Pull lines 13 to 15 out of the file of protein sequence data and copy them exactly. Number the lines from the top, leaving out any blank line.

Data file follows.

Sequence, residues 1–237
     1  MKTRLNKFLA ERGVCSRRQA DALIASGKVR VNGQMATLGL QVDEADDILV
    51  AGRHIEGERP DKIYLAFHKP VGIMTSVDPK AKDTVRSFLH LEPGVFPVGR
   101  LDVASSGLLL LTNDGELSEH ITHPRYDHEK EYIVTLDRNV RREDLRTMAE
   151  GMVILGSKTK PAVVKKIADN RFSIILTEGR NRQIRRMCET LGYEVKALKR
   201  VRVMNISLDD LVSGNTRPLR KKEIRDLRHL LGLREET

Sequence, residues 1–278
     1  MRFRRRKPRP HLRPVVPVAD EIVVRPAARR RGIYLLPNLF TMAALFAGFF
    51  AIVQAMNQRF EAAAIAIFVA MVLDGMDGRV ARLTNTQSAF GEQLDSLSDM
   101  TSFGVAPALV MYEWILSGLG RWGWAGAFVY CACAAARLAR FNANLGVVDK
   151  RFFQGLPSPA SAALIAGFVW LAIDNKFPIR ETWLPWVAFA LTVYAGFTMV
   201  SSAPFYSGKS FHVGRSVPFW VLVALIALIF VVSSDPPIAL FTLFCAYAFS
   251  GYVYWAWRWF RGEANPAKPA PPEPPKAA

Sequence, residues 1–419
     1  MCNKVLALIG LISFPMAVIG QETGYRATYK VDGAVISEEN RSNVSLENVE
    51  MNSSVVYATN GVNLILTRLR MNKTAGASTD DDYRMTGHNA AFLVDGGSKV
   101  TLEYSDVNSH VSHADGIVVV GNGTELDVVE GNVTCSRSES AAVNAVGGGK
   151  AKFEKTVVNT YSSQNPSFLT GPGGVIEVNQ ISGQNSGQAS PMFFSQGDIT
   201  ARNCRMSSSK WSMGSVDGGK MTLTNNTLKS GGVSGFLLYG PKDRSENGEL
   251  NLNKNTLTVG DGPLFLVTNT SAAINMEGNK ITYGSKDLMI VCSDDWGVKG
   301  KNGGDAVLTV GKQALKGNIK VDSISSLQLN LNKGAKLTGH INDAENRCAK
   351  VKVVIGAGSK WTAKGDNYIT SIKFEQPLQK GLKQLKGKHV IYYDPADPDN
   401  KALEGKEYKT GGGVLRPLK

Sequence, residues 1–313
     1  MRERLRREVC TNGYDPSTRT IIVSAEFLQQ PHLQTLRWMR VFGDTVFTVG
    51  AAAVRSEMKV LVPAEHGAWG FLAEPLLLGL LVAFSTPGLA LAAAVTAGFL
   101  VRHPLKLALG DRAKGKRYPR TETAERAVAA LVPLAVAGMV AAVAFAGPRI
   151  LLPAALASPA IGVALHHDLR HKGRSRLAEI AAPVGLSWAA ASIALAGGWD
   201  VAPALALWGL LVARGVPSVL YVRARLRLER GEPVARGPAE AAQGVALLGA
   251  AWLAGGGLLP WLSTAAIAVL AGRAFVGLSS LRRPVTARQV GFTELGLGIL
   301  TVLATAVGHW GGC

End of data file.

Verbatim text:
   251  GYVYWAWRWF RGEANPAKPA PPEPPKAA

Sequence, residues 1–419
     1  MCNKVLALIG LISFPMAVIG QETGYRATYK VDGAVISEEN RSNVSLENVE